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  December 9, 2002

Researchers Find Non-Invasive
Glucose Monitor Effective
By Jane Shaskan

A new hand-held device that is inserted in the ear to measure blood glucose levels may signal a future without painful finger sticks for people with diabetes, according to a study published in the December issue of the American Diabetes Association journal Diabetes Care.

The study, conducted by Drs. Carl Malchoff, associate professor, and Kamal Shoukri, assistant professor of endocrinology and metabolism at the Health Center, is the first published clinical study of the advanced prototype non-invasive blood glucose monitor.

The patented device, which was developed by Janusz Buchert, founder and president of Infratec Inc. in Wilton, isolates and measures blood glucose levels from the eardrum using the body's natural heat emission, or thermal radiation. The method and instrument are based on the discovery that natural mid-infrared body emissions change, depending on the glucose concentration of the tissue.

To achieve the reading, the device is simply placed in the ear, much like an ear thermometer, for about 10 seconds. No blood is drawn.

During the study, patients with type 1 and type 2 diabetes were tested using the device. Twenty patients were used to calibrate the monitor; six patiets were evaluated. All the testing was done at the Health Center.

Although the number of patients tested was small, the measurements from the device compared to conventional blood glucose measurements were within clinically acceptable range.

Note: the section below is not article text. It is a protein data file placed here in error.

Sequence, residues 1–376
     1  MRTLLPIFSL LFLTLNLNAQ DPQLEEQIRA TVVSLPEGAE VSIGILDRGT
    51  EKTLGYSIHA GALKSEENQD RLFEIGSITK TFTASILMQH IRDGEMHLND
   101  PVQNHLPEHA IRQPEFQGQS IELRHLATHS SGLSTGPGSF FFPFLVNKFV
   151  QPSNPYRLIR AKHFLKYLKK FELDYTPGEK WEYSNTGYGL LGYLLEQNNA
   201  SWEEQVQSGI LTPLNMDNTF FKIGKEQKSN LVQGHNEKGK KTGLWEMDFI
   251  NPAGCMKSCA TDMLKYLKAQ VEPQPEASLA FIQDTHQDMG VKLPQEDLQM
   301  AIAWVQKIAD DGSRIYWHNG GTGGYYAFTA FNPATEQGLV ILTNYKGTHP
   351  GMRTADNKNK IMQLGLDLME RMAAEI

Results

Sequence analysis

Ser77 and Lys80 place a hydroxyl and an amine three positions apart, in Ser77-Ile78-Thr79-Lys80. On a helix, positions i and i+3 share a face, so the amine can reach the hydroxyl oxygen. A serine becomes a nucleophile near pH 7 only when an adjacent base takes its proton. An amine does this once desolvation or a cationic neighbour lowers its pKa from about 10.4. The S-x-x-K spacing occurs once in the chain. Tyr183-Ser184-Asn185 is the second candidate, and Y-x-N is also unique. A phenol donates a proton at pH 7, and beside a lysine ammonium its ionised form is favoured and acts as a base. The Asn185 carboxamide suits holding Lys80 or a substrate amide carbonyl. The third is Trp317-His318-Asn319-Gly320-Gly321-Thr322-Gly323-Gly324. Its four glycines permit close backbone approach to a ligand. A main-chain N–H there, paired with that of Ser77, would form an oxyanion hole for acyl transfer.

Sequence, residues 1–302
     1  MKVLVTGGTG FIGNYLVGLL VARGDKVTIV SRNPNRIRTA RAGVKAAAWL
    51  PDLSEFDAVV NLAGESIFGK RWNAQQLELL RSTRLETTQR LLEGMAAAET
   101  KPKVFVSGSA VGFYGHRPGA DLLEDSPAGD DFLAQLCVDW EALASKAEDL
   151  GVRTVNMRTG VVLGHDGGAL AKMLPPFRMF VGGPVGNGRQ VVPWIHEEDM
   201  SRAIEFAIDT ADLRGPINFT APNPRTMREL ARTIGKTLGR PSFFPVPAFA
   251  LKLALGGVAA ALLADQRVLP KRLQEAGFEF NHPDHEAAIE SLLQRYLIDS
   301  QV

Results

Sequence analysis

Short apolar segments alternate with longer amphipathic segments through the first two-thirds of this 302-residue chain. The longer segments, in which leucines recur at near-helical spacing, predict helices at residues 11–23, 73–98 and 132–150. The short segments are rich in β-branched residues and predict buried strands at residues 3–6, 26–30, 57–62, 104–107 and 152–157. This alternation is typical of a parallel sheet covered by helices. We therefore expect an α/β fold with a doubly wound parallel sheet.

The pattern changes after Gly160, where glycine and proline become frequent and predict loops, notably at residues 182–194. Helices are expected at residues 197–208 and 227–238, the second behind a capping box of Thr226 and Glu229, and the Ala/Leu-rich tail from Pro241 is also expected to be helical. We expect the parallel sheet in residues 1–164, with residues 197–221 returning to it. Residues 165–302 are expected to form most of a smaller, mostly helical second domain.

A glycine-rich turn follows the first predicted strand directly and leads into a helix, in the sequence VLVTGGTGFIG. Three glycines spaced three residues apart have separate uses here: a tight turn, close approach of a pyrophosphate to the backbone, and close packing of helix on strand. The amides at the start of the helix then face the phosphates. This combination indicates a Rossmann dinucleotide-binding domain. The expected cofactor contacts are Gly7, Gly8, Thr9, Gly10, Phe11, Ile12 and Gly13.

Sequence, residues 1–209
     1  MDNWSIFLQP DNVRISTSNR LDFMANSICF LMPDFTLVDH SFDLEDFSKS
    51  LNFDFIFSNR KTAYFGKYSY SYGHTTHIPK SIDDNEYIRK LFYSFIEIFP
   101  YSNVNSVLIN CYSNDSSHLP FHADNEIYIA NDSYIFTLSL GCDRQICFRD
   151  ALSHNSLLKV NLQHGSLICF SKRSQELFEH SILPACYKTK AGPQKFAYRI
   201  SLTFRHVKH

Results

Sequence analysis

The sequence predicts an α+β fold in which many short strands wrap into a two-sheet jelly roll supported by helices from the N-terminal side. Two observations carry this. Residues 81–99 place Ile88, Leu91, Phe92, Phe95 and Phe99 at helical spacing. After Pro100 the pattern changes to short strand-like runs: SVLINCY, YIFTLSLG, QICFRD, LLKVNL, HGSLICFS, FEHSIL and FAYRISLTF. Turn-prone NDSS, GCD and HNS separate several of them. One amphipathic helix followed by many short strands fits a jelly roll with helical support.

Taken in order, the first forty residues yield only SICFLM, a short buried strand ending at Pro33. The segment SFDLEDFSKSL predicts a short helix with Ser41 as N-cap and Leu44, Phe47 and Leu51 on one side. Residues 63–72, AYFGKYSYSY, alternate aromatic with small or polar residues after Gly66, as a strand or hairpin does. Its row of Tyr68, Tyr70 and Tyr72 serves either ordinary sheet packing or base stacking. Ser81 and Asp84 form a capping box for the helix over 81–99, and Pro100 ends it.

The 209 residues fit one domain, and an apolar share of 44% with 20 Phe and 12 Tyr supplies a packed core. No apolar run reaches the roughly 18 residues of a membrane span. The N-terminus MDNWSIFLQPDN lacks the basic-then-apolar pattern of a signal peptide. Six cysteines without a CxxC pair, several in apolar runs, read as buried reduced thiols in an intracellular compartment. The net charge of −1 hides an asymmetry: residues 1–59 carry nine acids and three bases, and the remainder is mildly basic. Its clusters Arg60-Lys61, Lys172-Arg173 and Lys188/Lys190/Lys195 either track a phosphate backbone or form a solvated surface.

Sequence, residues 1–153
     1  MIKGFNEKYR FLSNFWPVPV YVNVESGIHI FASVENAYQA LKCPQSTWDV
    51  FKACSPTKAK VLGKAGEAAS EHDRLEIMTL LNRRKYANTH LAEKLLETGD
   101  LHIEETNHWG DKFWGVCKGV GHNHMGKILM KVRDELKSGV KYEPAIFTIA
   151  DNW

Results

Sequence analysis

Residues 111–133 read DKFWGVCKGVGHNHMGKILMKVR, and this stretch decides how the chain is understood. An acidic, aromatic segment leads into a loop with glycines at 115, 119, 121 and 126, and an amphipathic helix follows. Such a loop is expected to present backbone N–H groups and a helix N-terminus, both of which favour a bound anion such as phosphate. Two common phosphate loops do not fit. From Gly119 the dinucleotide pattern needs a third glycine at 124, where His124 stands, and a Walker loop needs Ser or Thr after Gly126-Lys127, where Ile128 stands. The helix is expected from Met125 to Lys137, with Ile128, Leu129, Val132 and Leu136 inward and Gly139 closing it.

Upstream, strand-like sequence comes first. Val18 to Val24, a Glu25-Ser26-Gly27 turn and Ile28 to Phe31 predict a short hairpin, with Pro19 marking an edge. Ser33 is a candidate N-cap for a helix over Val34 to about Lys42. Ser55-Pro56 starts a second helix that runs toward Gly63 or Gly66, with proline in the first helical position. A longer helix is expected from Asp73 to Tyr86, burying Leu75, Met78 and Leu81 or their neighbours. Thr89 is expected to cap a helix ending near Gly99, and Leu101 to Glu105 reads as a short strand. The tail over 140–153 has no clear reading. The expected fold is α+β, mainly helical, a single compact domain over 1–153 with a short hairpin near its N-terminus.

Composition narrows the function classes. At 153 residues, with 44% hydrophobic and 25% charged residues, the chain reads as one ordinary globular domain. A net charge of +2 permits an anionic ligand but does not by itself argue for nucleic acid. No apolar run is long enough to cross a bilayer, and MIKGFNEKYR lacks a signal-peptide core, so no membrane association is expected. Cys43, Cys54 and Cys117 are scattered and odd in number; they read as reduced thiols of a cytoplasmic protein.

"In our tests, this truly non-invasive prototype estimated blood glucose levels with clinically acceptable accuracy," says Dr. Malchoff.

"If it can be commercially developed, this device will be more convenient, faster, safer, and certainly less painful. It will also help diabetic patients comply with the recommended blood sugar testing and not be burdened with painful finger sticks."

The technology for the prototype is different from that used by other researchers who have attempted to develop noninvasive glucose monitors. "We are utilizing a specific spectral signature of glucose emission in a thermal energy range called mid-infrared," says Buchert, "as opposed to others who have attempted to infer glucose levels from measurements in an energy range called near-infrared."

He says the technology holds the promise for other devices that could be worn like a hearing aid to permit continuous glucose monitoring or be connected to an implanted insulin pump to automaticall y control blood sugar levels.

Infratec's goal is to commercialize a portable, cell phone-sized device that will give a direct readout of the person's glucose level without need of a blood sample. The FDA clinical trials, required before the device can be approved, are expected to begin within the next two years.

The paper, "A Novel Non-Invasive Blood Glucose Monitor," by Malchoff, Shoukri, Landau, and Buchert appears in the current issue of Diabetes Care: 25.12, 2268-75, 2002. Infratec Inc., which funded the study, is a venture capital-backed company with seed financing from Access Connecticut LP and Access Investment Partners LP.

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